DMSBD Tech Tips

Spare Parts For Derby Cars - by Ian Carsten

There are a few parts that every derby racer should have on hand should they fail, get lost, or damaged during the course of a race. It takes a significant commitment in time, money, and effort to travel to races, sometimes to another state, and the cost of keeping a reasonable inventory of spare parts is very cheap in comparison. It’s quite disappointing to have to retire from a race due to unexpected failure, loss, or damage to an essential part. Screws, nuts, and washers can and do get loose and fall off. They usually seem to fall off in the grass where they can’t be found. You have to replace them in order to keep racing. If you have a supply of replacement parts, then it is a simple matter to install them and get back into action. Wheel clips and wheel washers are the items most commonly lost, usually during wheel swaps. If you plan on racing in a number of rallies, it is a good idea to have at least 50 ~ 100 spares of each at the beginning of the season.

It’s also a good idea to have at least one spare wheel set for each car you have racing. For example, whether on your car or your opponent’s, should a car go out of control, one or more of your wheels could be smashed. Z-glass wheels break pretty easily it they strike a curb or some other object at speed. If you didn’t have a spare set, you could be out of business. Also, if your car struck something, or another car hit yours, one or both of your axles could be bent beyond repair. If you had a spare set with you, the damaged ones could be replaced, allowing you to continue racing. Further, when a front axle gets bent, a steering turnbuckle or the eyebolt it attaches to is sometimes ruined in the process.

One of the mishaps we’ve experienced happened racing on a street course. As our driver applied his brake, the bottom of the plunger struck a step up between two sections of pavement in the direction of travel. That bent the plunger rearward rather severely just below the floorboard. Therefore, it was jammed in the extended position making the car undriveable. Fortunately, we had a spare on hand with a new pad, screws, nuts, and lock washers already installed. We put the car up on sawhorses. Then, by removing the nut from the eyebolt at the top of the plunger, and removing the eyebolt, the ruined plunger fell free. Then we installed the new plunger from the bottom and were ready to resume racing in about one minute. Without the already built-up spare plunger, we would have been forced out of the race. Also, having a spare built-up plunger is a great time saver when you discover that your brake pad has worn dangerously thin. It is a real hassle to replace a brake pad between heats. You may not have enough time to finish the job before you are called to race.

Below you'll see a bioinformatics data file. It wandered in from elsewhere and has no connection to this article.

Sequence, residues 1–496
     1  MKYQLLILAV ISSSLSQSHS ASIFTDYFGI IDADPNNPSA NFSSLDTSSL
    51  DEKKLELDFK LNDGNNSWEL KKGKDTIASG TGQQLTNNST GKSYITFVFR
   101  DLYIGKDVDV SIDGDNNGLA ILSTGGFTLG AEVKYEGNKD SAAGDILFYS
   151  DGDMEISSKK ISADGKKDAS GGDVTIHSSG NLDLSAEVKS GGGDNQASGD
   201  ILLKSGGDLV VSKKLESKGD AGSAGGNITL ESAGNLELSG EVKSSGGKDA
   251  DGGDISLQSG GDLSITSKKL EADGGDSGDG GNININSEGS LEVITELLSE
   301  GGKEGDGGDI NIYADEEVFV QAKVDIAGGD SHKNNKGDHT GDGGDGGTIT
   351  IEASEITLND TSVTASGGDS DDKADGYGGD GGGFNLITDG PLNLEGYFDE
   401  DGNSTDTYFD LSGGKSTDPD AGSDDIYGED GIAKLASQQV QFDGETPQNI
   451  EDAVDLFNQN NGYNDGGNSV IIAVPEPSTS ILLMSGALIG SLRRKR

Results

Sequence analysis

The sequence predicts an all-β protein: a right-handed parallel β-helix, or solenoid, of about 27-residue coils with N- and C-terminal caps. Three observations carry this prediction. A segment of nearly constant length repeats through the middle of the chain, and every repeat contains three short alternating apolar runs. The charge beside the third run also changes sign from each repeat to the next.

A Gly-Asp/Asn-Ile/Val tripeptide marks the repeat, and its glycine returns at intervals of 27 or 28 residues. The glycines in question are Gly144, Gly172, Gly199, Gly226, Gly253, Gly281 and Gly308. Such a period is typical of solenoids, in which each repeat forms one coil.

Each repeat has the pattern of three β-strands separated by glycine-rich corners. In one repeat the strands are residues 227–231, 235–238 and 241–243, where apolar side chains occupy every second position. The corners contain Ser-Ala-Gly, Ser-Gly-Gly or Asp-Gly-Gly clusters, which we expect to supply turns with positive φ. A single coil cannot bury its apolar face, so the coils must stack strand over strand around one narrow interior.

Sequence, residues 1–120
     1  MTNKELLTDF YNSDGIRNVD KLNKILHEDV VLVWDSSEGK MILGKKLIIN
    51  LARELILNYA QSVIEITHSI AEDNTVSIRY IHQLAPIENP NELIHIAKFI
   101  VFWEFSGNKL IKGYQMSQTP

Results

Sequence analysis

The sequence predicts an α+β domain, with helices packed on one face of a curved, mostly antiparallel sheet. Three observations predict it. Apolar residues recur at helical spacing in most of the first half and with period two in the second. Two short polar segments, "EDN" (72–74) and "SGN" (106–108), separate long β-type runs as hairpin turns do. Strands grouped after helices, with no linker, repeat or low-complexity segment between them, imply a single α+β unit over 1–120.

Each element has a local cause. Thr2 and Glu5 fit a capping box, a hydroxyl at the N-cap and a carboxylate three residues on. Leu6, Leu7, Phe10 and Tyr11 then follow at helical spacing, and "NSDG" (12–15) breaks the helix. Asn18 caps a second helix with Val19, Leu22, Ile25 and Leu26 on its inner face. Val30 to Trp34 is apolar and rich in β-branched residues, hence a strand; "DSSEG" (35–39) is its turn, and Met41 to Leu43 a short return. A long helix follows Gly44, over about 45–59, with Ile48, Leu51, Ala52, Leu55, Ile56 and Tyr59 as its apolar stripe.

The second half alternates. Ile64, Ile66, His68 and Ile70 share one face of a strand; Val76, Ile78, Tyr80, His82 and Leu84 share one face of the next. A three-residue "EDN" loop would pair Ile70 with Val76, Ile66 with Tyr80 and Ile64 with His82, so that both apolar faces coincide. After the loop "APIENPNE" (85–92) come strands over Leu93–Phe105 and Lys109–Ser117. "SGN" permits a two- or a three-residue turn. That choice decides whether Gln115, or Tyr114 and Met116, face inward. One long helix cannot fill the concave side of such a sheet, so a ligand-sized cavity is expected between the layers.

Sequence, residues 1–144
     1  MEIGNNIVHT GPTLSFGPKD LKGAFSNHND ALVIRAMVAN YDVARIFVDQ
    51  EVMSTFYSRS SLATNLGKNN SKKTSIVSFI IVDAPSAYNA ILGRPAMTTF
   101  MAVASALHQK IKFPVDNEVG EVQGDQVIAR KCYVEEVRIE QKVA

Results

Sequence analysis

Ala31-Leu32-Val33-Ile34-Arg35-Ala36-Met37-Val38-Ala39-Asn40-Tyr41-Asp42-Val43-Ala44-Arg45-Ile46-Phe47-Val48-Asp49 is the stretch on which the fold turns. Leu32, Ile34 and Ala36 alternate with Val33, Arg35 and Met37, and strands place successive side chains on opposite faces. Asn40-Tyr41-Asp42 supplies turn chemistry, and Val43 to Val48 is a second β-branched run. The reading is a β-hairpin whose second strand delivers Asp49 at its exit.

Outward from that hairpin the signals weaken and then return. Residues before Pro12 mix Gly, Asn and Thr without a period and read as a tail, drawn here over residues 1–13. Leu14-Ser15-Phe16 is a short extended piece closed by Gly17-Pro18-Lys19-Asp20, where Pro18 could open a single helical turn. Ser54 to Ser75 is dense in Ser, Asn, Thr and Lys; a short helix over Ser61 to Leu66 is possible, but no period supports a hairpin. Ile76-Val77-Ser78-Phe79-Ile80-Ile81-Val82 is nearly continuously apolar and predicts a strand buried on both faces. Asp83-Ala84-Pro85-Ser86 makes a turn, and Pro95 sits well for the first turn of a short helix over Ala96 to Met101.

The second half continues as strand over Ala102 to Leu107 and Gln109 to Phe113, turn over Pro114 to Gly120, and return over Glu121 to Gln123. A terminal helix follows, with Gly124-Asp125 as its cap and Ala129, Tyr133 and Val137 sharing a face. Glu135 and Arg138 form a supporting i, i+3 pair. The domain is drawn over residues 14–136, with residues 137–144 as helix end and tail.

If you run your kingpins at fairly high tension as most racers do, you should be aware that they could break. We witnessed one break in the pits at a rally at Akron. The driver’s dad was adding “just a little more tension” to a kingpin when we heard a sharp “snap”.  But he was not too concerned since he had several spares with him in his parts organizer. Therefore, it only took him a few minutes to replace the broken kingpin.

Your spare parts kit you bring to the races should include a reasonable number of each part that could disable your car, as well as any tool required to install and/or adjust them.

Our kit contains the following parts for each car:
One set of wheels, one axle set, two sets of kingpins & “W” locknuts, two spare turnbuckles, eyebolts, and wrapping wires, built-up brake plunger, 10 brake pads, two cable sets, 8 cable clamps, set of pre-drilled and fitted airfoils, set of cockpit foam and contact cement, 20 wheel washers, 20 wheel clips, two cable pulleys, 1 AASBD awning pulley kit, and1 pair of stabilizer bars for a stock car. Also, we bring a reasonable number of each cotter pin, screw, nut, washer, and lock washer on our cars. Note that the airfoil mounting hole locations vary from axle to axle. So the mounting holes you make in the airfoil are essentially custom fit for one particular axle. Some teams also bring spare brake/steering assemblies and/or steering wheels since the welds on these have been known to break. Further, you’ll need whatever tools are needed to install and adjust these items. For example, if you need to change a cable, you may wish to bring a good hard wire rope cutter such as the Felco C7 to trim the cable to length. Also, a battery-powered drill with #2 Phillips screwdriver bits enable you to quickly remove and replace the body shell of stock and superstock cars.

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